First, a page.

Ostrager granted the demand by Underwood’s office that Exxon turn over cash flow spreadsheets used by the company to make investment decisions and documents the company provided to the Securities and Exchange Commission related to its evaluation of asset depreciation, reserves calculations and climate change.

Exxon has maintained that it did not conceal climate-related risks. The company did not immediately respond to a request for comment about Ostrager’s ruling.

In July, more than a hundred environmental, faith and community groups signed a letter supporting Underwood in her continuing investigation.

“While Judge Keenan may have dismissed New York City’s lawsuit, he didn’t dismiss the reckless actions of these companies,” said Mae Boeve, executive director of 350.org, referring to the recent dismissal of New York’s climate suit against five major oil companies.

“From Sandy-like storms and flooded subways to record heat waves, the costs of Exxon’s destruction is being paid for by New Yorkers,” Boeve said.

“Attorney General Underwood’s commitment to continue investigating all that Exxon knew and hid about climate change shows fossil fuel companies can’t shirk the necessary accountability.”


>>> The Ins and Outs of the Exxon Climate Investigation: A Timeline

>>> Massachusetts Investigation of Exxon for Climate Fraud Can Proceed, Court Rules

>>> NY Attorney General Accuses Exxon of Withholding Key Climate Documents


Karen Savage February 26, 2019 at 11:24 pm

Exxon plea to SEC: Block shareholders climate proposal

By Karen Savage, Climate Liability News, February 25, 2019

Exxon is trying to prevent shareholders from voting on a proposal calling on the oil giant to set and disclose targets for reducing greenhouse gas emissions that would align its business with the goals of the Paris Climate Agreement.

Exxon sent a letter to the Securities and Exchange Commission on Jan. 31 with its plans to omit the shareholder proposal from its 2019 proxy materials and prevent voting on the proposal. It asked the commission to confirm that it will not recommend enforcement action if it does so.

Exxon contends the proposal, which was sponsored by the New York State Common Retirement Fund, the Church of England and dozens of co-filers, is “vague and misleading” and seeks to “micro-manage” the company. It also said those goals have already been disclosed in its 2018 Energy and Carbon Summary.

“Exxon is trying to deny shareholders’ right to vote on a significant climate risk concern,” New York State Comptroller Thomas DiNapoli said in a statement. DiNapoli said Exxon’s opposition to the proposal is “shortsighted and disappointing.”

Exxon was forced to release its 2018 report after shareholders succeeded for the first time in passing a resolution to prompt more climate risk disclosure. In that report, the company claimed climate change poses “little risk” to its business. Critics said the report omitted disclosure of risks to the global economy from catastrophic climate change, as well of disclosure of the risks of climate change to its own facilities.

In the 2019 Energy and Carbon Report, which was released earlier this month, Exxon said it supports the Paris Climate Agreement, but does not mention the increasing number of climate liability suits Exxon is facing or the lawsuit filed by the New York State attorney general’s office for deceiving investors over climate risks to their investments.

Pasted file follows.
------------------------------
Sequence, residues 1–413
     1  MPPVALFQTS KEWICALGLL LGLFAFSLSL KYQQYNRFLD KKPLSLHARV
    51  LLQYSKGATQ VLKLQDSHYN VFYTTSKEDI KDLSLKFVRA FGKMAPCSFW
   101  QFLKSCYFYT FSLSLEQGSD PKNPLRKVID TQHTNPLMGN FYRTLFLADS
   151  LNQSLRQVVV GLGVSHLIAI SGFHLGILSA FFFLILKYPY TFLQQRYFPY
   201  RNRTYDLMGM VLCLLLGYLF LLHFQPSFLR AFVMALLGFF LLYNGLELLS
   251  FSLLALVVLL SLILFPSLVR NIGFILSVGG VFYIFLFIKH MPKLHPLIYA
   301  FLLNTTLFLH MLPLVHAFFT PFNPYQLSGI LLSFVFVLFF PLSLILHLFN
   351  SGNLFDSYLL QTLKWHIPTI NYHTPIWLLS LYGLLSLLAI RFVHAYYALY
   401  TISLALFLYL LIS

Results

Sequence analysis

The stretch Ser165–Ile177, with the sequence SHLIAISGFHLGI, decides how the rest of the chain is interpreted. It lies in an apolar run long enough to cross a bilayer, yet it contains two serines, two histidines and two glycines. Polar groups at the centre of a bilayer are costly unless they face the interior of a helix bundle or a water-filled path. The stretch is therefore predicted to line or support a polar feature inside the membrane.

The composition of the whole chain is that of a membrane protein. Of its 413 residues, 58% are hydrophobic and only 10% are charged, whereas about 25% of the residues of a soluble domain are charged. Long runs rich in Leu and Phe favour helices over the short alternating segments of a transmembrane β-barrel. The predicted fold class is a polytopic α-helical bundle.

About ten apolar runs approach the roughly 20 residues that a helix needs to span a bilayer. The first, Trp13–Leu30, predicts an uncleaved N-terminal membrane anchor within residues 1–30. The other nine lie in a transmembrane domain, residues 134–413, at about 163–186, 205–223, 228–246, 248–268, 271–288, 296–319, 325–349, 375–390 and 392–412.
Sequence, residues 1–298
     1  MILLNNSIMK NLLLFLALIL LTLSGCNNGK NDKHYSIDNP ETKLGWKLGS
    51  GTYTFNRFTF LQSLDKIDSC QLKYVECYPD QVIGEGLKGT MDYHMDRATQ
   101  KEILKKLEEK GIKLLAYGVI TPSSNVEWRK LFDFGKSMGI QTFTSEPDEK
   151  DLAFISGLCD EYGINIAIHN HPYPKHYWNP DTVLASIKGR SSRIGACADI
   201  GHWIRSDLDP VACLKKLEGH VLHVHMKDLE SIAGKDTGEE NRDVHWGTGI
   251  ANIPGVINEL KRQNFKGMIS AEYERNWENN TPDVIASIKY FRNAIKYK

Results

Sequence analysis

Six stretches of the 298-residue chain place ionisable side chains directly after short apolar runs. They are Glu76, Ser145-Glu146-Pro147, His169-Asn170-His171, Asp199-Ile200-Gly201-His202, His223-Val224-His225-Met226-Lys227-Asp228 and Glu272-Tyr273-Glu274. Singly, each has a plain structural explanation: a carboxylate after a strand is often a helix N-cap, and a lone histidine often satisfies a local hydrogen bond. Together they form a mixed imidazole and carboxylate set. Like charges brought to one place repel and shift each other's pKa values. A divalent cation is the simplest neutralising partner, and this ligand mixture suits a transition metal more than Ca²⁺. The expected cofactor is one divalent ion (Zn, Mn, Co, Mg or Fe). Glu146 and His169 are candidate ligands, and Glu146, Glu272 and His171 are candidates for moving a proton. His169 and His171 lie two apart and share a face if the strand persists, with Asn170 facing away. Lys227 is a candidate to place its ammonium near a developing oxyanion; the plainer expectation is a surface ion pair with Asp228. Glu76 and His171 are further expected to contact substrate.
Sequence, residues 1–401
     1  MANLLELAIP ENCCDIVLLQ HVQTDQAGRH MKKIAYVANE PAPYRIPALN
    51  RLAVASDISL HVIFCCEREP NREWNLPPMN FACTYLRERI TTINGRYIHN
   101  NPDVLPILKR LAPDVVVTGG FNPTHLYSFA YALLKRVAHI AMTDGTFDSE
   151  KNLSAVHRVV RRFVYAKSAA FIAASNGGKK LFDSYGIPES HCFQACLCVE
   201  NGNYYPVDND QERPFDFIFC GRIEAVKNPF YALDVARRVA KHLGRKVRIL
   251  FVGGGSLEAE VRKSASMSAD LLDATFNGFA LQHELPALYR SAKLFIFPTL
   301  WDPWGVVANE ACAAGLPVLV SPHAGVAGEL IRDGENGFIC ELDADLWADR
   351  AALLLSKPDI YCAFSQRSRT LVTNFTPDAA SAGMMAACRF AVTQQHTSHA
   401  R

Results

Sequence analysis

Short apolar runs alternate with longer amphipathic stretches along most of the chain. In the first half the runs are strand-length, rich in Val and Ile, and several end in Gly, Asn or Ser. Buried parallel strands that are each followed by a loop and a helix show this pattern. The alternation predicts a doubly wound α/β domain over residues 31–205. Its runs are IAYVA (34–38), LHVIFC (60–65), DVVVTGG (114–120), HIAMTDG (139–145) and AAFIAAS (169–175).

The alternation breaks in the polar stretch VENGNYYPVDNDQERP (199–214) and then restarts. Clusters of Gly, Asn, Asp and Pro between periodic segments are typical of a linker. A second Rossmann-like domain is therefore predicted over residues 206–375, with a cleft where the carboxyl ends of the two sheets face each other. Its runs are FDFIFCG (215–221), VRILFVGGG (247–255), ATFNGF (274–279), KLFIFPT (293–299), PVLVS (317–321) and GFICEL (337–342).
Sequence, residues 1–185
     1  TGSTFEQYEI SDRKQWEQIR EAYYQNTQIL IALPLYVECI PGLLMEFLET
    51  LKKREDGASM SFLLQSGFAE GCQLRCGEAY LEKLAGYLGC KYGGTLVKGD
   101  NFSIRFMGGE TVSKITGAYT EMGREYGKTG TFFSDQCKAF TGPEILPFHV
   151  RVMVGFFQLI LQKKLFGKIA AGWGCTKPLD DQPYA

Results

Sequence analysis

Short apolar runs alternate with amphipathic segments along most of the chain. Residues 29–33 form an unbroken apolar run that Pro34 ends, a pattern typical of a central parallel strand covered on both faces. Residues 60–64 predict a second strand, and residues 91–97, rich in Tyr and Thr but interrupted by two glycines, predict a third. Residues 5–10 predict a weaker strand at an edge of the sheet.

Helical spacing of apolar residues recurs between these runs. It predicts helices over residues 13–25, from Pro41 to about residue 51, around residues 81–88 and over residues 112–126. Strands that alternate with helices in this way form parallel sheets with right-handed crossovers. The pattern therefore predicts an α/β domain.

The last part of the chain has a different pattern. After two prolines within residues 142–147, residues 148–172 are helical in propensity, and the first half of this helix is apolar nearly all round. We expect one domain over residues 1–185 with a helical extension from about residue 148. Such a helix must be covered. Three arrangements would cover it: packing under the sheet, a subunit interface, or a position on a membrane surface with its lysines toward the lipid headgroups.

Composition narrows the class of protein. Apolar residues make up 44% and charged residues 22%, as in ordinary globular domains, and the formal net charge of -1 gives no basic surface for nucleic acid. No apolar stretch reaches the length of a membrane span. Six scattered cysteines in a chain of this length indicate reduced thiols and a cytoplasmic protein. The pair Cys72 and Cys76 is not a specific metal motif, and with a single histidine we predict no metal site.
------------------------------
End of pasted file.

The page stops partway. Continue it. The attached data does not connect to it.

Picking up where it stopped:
Sponsors of the current proposal are asking Exxon to further that report and “include disclosure of short-, medium- and long-term greenhouse gas targets aligned with the greenhouse gas reduction goals established by the Paris Climate Agreement.”

“Trying to strike out a shareholder proposal from institutional investors with a fiduciary responsibility to manage climate risk is an outdated reflex,” an official for the Church of England fund said in a statement.

The SEC was critical of the company in 2016 for its rejection of an earlier resolution demanding disclosure on climate risk, but last year—after the Energy and Carbon Report was issued—the SEC allowed Exxon to exclude a proposal asking for additional disclosures.

The SEC Division of Corporation Finance is expected to issue an opinion in about 30 days. If it decides in Exxon’s favor and the vote is not required, the proposal’s sponsors can then pursue legal action. If the opinion is that Exxon must allow a vote on the proposal, the company can then appeal to the full panel of SEC commissioners.

With an increased global awareness and concern about the catastrophic effects of climate change, resolutions requiring companies to disclose climate risks are becoming more common.

“We’re in a very different context today, in terms of investors—including some of the biggest investors in the world—asking companies to be much more thoughtfully integrating climate change issues into their business planning and to assess what the impact of climate change is going to be on them and their shareholders,” said Timothy Smith, director of environment, social and governance shareholder engagement for Boston Trust and Investment Company. Smith said both BP and Shell are supportive of similar shareholder proposals.

“That’s why it’s distressing to watch ExxonMobil say ‘we don’t even want to see this resolution put on the ballot.’”



Tom DiChristopher March 5, 2019 at 11:43 pm

Exxon and Chevron just announced big plans to surge oil and gas output from top US field

By Tom DiChristopher, CNBC News, March 5, 2019

Exxon Mobil and Chevron on Tuesday said they both plan to surge oil and natural gas output from America’s top shale field in the coming years, a strategy that the energy giants say will yield significant returns.

As early as 2024, Exxon believes it can increase output from the Permian Basin to 1 million barrels per day of oil equivalent, a measure that blends crude oil and gas production. That represents an 80 -percent increase, the company said in a news release a day ahead of its meeting with investors.